A Poem Called “Promiscuous”

It’s not often that you wake up to NPR to hear Garrison Keillor (above) saying “slut” over and over again, but today was a lucky day! His daily AM installment of The Writer’s Almanac — a five minute collection of tidbits from literary history and some poetry — concluded with the poem “Promiscuous” by William Matthews, from Search Party: Collected Poems (Houghton Mifflin, 2004), which is like Wheaties for feminist linguistic nerds who majored in English and keep deep-thought journals.

Here’s the first half. Read the rest at Writer’s Almanac:

“Promiscuous,” by William Matthews

“Mixes easily,” dictionaries
used to say, a straight shot from the Latin.
Chemists applied the term to matter’s

But the Random House Dictionary
(1980) gives as its prime meaning:
by frequent and indiscriminate

changes of one’s sexual partners.” Sounds
like a long way
to say “slut,” that glob of blame we once threw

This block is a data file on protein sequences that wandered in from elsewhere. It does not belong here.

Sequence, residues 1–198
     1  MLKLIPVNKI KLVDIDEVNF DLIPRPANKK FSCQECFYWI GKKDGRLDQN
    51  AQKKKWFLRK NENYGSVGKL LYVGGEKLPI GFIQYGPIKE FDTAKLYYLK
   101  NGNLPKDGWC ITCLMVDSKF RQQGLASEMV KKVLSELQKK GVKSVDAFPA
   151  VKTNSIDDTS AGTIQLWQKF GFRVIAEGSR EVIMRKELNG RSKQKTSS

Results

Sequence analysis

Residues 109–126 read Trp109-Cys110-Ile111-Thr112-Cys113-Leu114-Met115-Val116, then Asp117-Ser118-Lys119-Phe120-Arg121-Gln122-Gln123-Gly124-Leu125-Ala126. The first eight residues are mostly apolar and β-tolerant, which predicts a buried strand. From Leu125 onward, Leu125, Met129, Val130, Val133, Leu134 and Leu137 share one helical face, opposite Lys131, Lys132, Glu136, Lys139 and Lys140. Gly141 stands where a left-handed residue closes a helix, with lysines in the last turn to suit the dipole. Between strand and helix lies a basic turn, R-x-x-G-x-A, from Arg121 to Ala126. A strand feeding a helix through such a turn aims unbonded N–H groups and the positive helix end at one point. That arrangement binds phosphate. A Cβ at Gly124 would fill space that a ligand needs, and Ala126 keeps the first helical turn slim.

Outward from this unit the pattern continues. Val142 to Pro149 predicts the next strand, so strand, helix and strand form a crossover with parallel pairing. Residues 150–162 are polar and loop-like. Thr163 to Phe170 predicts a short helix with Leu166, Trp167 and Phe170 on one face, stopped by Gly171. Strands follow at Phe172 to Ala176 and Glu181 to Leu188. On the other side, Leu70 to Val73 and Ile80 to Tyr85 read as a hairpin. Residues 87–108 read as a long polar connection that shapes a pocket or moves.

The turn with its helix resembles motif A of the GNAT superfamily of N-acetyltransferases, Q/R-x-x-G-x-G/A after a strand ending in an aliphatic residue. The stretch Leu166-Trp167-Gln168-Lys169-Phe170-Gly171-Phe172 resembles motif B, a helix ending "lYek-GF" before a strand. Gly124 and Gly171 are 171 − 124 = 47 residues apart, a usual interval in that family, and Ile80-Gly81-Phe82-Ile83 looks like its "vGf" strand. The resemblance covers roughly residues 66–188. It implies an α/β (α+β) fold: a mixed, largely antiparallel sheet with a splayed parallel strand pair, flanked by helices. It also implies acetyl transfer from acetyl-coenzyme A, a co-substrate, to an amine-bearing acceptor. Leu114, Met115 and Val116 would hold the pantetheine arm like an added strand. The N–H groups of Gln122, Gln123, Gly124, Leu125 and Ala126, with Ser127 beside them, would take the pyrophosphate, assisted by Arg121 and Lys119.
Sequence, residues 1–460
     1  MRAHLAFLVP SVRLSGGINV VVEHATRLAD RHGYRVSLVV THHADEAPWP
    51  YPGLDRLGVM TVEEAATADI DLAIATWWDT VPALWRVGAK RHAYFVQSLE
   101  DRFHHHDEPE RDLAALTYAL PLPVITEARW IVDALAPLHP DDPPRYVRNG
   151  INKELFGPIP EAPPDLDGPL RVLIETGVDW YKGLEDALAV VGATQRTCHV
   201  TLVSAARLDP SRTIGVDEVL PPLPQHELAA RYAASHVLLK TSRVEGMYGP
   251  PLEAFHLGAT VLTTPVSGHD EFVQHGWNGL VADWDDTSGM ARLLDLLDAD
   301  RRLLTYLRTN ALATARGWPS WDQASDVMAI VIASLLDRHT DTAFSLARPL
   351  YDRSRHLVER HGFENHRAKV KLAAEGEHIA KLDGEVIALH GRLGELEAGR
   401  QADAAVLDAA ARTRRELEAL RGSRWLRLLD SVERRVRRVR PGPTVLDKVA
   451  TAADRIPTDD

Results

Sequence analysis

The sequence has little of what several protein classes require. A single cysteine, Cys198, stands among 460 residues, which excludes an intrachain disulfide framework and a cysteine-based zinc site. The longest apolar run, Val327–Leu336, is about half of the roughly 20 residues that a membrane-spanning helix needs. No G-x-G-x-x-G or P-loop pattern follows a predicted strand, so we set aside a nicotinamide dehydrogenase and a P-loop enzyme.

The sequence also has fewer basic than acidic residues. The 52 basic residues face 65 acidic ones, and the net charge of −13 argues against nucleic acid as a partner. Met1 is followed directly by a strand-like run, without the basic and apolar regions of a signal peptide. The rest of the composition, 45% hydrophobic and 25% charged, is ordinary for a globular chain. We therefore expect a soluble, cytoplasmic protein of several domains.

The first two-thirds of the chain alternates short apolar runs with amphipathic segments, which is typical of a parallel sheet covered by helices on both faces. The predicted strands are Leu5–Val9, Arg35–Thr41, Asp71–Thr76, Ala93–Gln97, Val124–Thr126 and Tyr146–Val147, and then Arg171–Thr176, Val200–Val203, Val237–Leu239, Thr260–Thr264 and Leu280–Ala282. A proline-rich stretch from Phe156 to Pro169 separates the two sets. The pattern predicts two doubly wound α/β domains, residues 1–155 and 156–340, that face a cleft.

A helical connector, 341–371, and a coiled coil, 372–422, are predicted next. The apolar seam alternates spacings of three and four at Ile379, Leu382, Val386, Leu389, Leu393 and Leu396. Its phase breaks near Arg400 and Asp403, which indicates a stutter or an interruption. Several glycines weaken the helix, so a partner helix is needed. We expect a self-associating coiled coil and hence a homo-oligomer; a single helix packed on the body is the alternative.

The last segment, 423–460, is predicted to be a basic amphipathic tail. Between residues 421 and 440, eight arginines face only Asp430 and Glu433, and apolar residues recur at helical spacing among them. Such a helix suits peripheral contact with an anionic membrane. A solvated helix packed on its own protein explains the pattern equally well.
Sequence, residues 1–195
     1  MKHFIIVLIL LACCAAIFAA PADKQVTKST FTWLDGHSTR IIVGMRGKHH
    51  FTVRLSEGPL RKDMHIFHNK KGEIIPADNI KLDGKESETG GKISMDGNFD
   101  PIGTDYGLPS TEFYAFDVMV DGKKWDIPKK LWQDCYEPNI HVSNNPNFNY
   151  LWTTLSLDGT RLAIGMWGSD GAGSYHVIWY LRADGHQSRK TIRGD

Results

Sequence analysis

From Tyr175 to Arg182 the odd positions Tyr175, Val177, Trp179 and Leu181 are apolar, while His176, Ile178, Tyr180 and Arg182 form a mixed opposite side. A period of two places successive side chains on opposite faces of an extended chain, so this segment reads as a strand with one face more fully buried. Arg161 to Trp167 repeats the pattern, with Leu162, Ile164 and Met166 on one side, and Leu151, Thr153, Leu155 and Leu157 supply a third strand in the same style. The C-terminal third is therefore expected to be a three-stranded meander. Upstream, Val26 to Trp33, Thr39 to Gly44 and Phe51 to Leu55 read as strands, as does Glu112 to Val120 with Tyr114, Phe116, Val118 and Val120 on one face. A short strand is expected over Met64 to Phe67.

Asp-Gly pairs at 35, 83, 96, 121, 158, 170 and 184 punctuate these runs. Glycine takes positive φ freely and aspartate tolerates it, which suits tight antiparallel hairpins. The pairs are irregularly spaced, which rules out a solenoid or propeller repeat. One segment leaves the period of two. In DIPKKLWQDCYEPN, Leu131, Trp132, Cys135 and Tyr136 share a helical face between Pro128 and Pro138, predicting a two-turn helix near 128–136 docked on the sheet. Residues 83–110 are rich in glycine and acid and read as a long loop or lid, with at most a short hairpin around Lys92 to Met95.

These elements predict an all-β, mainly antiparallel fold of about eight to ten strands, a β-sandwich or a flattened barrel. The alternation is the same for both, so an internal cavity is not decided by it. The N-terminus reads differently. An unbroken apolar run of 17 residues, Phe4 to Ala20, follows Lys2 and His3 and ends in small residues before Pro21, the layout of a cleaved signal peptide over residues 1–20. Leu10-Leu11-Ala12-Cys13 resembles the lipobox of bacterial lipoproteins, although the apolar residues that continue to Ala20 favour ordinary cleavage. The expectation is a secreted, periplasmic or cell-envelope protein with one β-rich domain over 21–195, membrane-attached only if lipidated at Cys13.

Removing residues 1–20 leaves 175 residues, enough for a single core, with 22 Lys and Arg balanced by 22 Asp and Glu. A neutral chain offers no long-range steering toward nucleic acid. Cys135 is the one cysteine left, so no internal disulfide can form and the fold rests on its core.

equally at men and women, all who slurred,

slavered, slobbered,
slumped, slept or lapsed, slunk or relapsed, slackened
(loose lips sink ships) or slubbed, or slovened, But soon
a slut was female. A much-bedded male

got called a ladies’ man; he never slept
with sluts. How sluts
got to be sluts is thus a mystery,

One Comment

  1. I often don’t get poetry, and this is one example. What does the verse-like staggering of the words add to make that a better piece of writing?

    Except for paragraph 4, where the author gets all poety for a moment, I think the whole thing would just be better as prose.

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